Tuesday, October 23, 2012

Interview with Fantasy Author Anna del C. Dye

Anna was born in Chile and migrated to the USA at twenty-one. She married her beloved Rodney and is the mother of four talented children. Anna started writing eight years ago and has received four different awards for some of her works.

Emerine's Nightmare: “I loved this little book and recommend it to all children. I would also recommend that parents read this with their children to get the most of the meaning that has been written into this wonderful book.” —Mary Walling
I have a Book Giveaway on my blog every week and this week I have a Halloween giveaway. Welcome back to my blog, Anna. Your fantasy children’s book is perfect for Halloween. Please tell us about it.

It is great to be back, Linda. It is called Emerine’s Nightmare. The protagonist is a boy that is persecuted by dark fairies. He has never heard of Fairies, still his heart tells him to run from them.

What age group will enjoy reading this story?

Elementary age children will enjoy the mystery and suspense in it. Girls will love the fairies and the boys will be drawn to the “Halloween-like horror” feel of the story.

Did you have to do any research for this book?

Yes, I had to read books about fairies. I hadn’t before, so it was interesting and great fun to find out what other authors did with them.

Where did you get your inspiration for this story?

It was a challenge I gave myself. I never read a book with fairies and wondered if I could write one. So I wrote Amerine - Fairy Princess. That is what this story was originally called. It received two awards before I transformed it into a boy’s book that became Emerine’s Nightmare.

Do you ever put real experiences in your books?

Yes, in many of them. It is normal to write of things that are close and known to the author. In Emerine’s Nightmare the protagonist has to deal with fairies, dark and otherwise, a world completely unknown to him. In my own life, I left my country and family for my husband’s family and country. It is a world that was completely unknown to me. Like Emerine, I had to figure out things like the language, new customs, and their related ideas before I came to terms with this life, which has had a happy ending so far.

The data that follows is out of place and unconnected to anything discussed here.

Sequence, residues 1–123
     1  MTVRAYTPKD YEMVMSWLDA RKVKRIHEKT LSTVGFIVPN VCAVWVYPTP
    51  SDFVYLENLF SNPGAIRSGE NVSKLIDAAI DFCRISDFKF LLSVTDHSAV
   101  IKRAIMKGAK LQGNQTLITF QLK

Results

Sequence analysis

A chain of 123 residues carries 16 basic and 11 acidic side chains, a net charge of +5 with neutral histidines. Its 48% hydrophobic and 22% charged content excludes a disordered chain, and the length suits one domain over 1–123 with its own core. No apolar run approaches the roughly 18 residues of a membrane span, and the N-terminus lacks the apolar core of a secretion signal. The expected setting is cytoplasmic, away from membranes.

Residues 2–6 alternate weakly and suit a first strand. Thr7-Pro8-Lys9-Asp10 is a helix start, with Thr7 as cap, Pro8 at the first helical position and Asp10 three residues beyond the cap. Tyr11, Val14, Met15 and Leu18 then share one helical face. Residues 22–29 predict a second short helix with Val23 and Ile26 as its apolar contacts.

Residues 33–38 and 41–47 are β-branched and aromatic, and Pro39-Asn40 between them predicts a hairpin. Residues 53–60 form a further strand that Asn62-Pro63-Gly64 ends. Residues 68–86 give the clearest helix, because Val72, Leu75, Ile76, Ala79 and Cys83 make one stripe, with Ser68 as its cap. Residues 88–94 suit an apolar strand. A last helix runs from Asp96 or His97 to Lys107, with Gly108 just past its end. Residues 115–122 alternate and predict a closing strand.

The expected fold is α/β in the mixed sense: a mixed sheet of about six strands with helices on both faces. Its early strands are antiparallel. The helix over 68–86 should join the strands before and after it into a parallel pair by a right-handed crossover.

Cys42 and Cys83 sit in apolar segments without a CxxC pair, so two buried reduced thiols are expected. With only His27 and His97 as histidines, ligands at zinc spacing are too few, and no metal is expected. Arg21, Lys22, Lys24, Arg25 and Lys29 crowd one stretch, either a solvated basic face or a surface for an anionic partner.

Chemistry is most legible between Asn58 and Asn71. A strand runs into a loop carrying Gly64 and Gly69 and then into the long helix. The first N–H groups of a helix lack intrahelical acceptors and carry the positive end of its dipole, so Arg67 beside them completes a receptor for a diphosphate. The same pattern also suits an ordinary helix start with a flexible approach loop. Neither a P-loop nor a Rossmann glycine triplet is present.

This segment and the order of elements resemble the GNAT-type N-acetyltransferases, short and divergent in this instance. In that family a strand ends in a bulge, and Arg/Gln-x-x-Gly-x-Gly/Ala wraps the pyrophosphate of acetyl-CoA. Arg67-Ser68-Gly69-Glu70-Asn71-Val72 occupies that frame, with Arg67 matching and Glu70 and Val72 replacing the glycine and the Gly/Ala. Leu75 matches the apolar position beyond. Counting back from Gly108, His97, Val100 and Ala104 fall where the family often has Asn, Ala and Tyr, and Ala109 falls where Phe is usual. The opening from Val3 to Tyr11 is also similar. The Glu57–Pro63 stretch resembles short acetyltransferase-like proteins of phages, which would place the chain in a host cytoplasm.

Thank you, Anna, for this interview. Your book sounds like a scary Halloween book to me. You can find Emerine’s Nightmare in the following formats: Kindle only $3.99, Nook only $3.99. The e-book is available from Anna’s website, www.annadelc.com.

Monday, October 15, 2012

Interview with Fantasy Author Serena Clarke

Serena Clarke has loved writing since she was young and has taken several writing classes. Her favorite genre is fantasy with a hint of romance. Serena has a Bachelors Degree in Graphic Design. She enjoys designing her book covers as much as writing her books. This is Serena’s first published novel.

“This story is captivating and has many twists and turns. It gives a new dimension to fantasy characters. It was difficult to put down.” –Linda Weaver Clarke, Author

Hello, Serena! Welcome to my blog. Please tell us about The Treasure of Isian. What is it about?

Prince Garin is a brave, proud, adventure-seeking prince. Elani is his most trusted servant and she would do anything for him, even die for him. Their quest to find the mystical Treasure of Isian is immediately interrupted and they find themselves confronted by angry giants, soul-stealing elves, bewitched dragons, a vengeful water-witch, battling foes, and a mysterious kingdom. Elani must face her greatest fears to save her prince and her kingdom. Garin must decide what the most important things are in his life. Will they be able to make a great sacrifice to save the kingdom? And will Elani find true love?